All of these factors support the Executive Budget’s proposal to close one minimum security Shock Incarceration facility, one men’s medium security prison, one men’s minimum security prison and the minimum security portion of another men’s facility, actions that will save taxpayers $45.8 million a year when fully effective. In determining which specific facilities to close, I had to look at a number of additional factors, including the small size of the selected facilities, their relative cost, their lack of capacity to offer specialized programs and services we are mandated to provide to more and more of our inmates, reentry considerations and potential capital needs. That is why I specifically selected Moriah Shock Incarceration Facility, Ogdensburg and Lyon Mountain Correctional Facilities and the minimum security portion of Butler Correctional Facility.

Savings from additional housing unit consolidations in 2010-11 in response to the continuing prison population decline will save taxpayers another $4 million a year when fully effective.

The New York State Correctional Officers & Police Benevolent Association (NYSCOPBA) union has argued that additional closures and/or consolidations will create dangerous conditions. But the evidence shows otherwise. In 2009, after two rounds of housing unit consolidation at the end of 2008 and during a time when we closed three camps and six annexes, the incidents of inmate assault actually decreased from the prior year. Data shows our prisons are as safe as they have ever been.

NYSCOPBA and a number of legislators have also suggested that we should cut what they term “top-heavy” administration at DOCS rather than front-line staff. I’ve reduced Central Office positions at more than triple the rate of Correction Officer positions since the 2007-08 fiscal year began.

Specifically, we cut the number of employees working at Central Office by 9.4 percent since April 2007, from 865 to 783. During the same period, we reduced the number of front-line Correction Officers by 3.1 percent, from 19,405 then to 18,797 as of our most recent count.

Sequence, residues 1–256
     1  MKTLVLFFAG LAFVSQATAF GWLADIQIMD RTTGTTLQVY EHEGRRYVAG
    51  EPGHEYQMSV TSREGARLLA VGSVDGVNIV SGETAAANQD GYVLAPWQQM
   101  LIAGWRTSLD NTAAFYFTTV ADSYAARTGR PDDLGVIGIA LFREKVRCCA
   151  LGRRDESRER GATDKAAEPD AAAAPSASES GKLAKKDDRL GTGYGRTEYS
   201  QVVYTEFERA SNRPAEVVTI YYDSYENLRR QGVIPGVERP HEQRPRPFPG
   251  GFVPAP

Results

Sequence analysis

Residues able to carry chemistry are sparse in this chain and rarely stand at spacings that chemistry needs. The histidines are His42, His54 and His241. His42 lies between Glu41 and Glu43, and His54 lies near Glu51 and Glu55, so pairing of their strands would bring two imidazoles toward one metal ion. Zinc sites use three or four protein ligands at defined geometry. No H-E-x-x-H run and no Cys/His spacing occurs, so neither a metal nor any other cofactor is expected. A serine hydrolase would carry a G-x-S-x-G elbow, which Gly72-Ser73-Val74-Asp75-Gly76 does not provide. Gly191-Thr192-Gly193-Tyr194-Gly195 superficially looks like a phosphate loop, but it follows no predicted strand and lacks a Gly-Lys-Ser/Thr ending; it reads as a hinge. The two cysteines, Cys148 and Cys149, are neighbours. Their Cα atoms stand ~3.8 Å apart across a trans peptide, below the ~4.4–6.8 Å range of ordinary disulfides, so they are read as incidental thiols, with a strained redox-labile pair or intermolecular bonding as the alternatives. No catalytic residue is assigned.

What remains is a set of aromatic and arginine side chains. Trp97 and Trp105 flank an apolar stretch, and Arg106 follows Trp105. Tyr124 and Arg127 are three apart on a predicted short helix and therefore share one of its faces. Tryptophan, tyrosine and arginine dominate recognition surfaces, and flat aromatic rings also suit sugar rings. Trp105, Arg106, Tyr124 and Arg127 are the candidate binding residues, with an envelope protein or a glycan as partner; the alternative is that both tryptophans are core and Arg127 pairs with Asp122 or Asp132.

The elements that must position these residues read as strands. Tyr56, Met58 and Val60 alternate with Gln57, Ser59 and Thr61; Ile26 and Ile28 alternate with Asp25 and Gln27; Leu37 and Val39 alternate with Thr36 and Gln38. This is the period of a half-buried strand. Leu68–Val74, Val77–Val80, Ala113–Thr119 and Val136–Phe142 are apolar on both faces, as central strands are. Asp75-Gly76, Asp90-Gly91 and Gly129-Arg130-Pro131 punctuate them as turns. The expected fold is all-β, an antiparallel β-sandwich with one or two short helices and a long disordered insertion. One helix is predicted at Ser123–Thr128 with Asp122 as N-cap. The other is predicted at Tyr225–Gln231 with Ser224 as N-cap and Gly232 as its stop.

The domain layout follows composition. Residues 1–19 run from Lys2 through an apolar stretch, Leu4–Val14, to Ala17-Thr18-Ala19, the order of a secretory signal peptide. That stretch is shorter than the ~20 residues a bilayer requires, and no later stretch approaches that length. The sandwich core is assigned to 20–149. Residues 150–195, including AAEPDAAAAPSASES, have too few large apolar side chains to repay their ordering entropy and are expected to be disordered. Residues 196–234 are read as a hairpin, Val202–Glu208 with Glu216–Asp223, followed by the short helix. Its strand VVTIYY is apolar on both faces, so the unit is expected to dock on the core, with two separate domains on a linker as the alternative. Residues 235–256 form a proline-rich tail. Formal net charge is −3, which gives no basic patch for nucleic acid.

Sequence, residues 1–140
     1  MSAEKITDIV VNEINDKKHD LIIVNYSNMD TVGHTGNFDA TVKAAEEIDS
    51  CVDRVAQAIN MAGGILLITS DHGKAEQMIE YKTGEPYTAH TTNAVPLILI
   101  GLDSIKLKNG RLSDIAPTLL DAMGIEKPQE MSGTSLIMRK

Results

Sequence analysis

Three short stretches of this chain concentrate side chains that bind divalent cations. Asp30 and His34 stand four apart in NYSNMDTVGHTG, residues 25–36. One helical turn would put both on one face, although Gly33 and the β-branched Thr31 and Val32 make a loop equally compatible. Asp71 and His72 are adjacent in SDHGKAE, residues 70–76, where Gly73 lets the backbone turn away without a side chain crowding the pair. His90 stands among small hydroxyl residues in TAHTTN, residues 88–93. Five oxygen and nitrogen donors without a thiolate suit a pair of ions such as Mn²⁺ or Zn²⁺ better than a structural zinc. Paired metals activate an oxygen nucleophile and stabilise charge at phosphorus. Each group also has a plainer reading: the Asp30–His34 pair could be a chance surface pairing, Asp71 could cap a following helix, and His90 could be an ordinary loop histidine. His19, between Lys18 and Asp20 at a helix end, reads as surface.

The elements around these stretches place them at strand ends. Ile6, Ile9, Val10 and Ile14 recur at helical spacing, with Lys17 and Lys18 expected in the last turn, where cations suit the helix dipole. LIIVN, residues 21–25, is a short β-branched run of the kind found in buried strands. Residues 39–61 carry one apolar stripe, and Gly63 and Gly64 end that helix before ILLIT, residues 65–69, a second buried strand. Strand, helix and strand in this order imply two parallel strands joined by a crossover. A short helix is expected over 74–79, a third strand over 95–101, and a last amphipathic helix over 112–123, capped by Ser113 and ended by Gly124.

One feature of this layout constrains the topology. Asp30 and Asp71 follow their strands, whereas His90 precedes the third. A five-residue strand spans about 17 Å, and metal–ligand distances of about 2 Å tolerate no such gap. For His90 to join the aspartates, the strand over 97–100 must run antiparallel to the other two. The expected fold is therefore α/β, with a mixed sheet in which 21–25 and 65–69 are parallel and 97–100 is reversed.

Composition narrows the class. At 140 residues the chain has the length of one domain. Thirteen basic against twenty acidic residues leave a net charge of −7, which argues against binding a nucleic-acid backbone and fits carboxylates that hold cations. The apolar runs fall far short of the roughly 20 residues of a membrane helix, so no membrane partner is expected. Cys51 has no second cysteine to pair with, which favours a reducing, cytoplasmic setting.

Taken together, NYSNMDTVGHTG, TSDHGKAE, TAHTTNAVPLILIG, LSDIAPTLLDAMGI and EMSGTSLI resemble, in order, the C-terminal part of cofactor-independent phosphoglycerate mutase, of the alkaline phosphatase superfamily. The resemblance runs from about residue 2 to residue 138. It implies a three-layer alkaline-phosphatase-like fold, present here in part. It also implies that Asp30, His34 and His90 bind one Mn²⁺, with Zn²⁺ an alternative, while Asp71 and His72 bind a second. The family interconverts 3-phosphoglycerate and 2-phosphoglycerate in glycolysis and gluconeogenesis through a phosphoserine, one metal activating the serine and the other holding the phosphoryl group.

I should note that a number of employees counted as part of Central Office actually work in the field for varying reasons. Additionally, the decrease in Central Office staffing occurred during a time when the court and legislative mandates I mentioned earlier required me to add 23 positions in Central Office for oversight of new programs and services. Could we save more in Central Office? Yes. And I will continue to look for ways to do so. But administration accounts for less than one percent of our proposed $2.5 billion General Fund-supported operating budget, and we must move forward with continued consolidation and closure in light of both the State’s fiscal climate and the ongoing decline in New York’s inmate population.

The Department has already cut its spending considerably in the last two years. We reduced our original 2008-09 budget by $150.5 million and we anticipate that we will have reduced this year’s budget by $141.9 million by the end of the fiscal year on March 31. We achieved these savings through a wide variety of actions, including:

Most of those actions will produce recurring savings for 2010-11, and, unlike many other states facing similar fiscal difficulties, we achieved most of these savings without cutting treatment and program services.